Even if you're a seasoned professional with years of job application experience under your belt, interviews can be beyond nerve-wracking. No matter how much you practice, stay up to date on what's going on in the industry, and remember to print out extra copies of your resume, everyone has that moment in an interview where they freeze.
Whether it's a question you already knew was going to be asked – but you just don't have the right response – or a random question that stumps you, there are ways to answer difficult interview questions.
Why Do Interviewers Ask Difficult Questions?
Before you learn the tips and tricks on how to answer difficult interview questions, it's important to know why these questions are asked in the first place. It may feel like the interviewer is asking difficult questions with the sole purpose if stumping you, but rest assured they are not intentionally trying to mess you up. They are asking these questions to get a sense of who you are, and whether or not you will fit in with the company.
If you are presented with a difficult question, remember there isn't necessarily a right or wrong answer. The interviewer is trying to see how you react in stressful situations, which will show how you respond on the job. Instead of getting flustered, or bumbling through the question, you can take a second to assess what is being asked. Even though there isn't a right response, there are ways to navigate these situations without breaking a sweat.
'What Are Your Weaknesses?'
This is probably one of the most dreaded questions you face in an interview. On the one hand, you don't want to respond earnestly because the interviewer might not like what they hear. On the other hand, you can't say you don't have any weaknesses, because everyone does, and it may make you seem narcissistic or egotistical. The best way to answer this question is like a step and repeat. Be open and honest about a weakness, follow it up with a positive statement, and relay how you want to improve upon this weakness in your future job. Think and prepare for this question before the interview, because it's always asked. For example, if you are not keen on public speaking or voicing your thoughts in meetings, use that as a weakness, but state what you have done to improve on this. Again, it's a step and repeat. State the weakness, follow it up with a positive statement, and discuss how you have developed/are working on improving.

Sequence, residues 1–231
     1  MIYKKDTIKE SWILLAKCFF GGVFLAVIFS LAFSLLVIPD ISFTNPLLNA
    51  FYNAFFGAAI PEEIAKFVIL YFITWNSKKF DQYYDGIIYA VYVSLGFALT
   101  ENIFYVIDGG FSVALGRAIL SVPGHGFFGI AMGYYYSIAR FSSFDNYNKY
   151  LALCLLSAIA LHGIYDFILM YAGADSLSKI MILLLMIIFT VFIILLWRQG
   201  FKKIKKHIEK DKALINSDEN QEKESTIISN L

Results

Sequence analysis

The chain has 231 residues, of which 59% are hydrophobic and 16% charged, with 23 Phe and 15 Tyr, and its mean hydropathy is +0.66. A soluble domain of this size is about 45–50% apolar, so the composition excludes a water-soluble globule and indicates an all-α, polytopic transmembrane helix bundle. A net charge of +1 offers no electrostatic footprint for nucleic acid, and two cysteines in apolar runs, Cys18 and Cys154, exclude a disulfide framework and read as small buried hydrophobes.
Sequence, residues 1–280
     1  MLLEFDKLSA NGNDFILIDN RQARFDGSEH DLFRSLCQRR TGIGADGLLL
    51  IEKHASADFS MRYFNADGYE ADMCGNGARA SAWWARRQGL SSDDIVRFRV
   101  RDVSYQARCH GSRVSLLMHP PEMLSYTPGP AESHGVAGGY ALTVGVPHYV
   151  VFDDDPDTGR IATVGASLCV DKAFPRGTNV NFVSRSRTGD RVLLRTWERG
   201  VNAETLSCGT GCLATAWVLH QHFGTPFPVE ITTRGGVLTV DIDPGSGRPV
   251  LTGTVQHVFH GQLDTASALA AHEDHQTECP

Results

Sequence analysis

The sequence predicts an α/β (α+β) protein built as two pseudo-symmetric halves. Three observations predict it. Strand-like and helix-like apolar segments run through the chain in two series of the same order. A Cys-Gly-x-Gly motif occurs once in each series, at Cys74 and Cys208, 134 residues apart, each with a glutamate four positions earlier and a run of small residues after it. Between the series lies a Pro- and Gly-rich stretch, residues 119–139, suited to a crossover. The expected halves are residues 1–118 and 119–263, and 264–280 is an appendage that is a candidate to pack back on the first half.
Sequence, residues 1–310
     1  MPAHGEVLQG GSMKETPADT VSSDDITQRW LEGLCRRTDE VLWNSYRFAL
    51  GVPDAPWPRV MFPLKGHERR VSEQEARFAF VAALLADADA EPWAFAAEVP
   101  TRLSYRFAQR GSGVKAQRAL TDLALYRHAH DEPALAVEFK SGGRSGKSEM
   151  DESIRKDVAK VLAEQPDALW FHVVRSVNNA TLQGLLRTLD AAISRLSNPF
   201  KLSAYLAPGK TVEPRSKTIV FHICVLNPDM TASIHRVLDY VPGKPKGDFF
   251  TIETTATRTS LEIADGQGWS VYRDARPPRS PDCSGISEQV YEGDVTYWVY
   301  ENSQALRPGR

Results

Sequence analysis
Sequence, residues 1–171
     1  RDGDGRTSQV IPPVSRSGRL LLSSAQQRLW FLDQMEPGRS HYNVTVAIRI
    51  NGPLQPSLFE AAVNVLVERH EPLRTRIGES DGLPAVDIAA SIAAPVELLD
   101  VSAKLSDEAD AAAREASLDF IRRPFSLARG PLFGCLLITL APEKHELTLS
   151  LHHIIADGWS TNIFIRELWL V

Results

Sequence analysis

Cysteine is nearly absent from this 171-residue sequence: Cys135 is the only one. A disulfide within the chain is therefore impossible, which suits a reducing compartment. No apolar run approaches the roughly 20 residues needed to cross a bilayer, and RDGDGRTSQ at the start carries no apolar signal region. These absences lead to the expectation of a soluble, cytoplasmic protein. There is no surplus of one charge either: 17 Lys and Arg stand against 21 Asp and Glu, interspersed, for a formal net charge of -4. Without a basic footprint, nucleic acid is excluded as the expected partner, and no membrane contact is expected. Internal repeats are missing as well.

Common Interview Questions
Two questions that often stump candidates are "why did you leave your last job" and "where do you see yourself in five years." These two questions are equally brutal in their own right.
Any questions regarding your old boss or experience should be answered positively, even if the situation was not favorable. It's best to not give a completely honest response on why you left your last job if things did not end well. Badmouthing a previous boss is a red flag.
Instead of talking negatively, or giving a list of reasons why you left your last job, use this time to talk about skills you learned in your last position and how you want to use these skills in your new position. This is another step and repeat situation. The interviewer knows the adage of not badmouthing former bosses, but they still want to see how you skirt around this question.
The same goes for "where do you see yourself in five years." Even if you have dreams of owning your own business or retiring early, you don't want to seem like you have one foot in the company and the other one out before you even get the role. You also don't want to sound like you have no future goals. Discuss where you see yourself within the company, how you would like to grow, and what you would like to learn through the job you're interviewing for.
Tricky Interview Questions
Sometimes no matter how much you prepare, a question can just downright stump you. The most important thing is never to panic. If you are confused about a question, you can ask for clarification. You also don't have to respond immediately. If you can't answer the question, sometimes it boils down to taking a deep breath and thinking of what is being asked. The interviewer might just want to see how you react under pressure and how you think. The answer itself might not matter at all.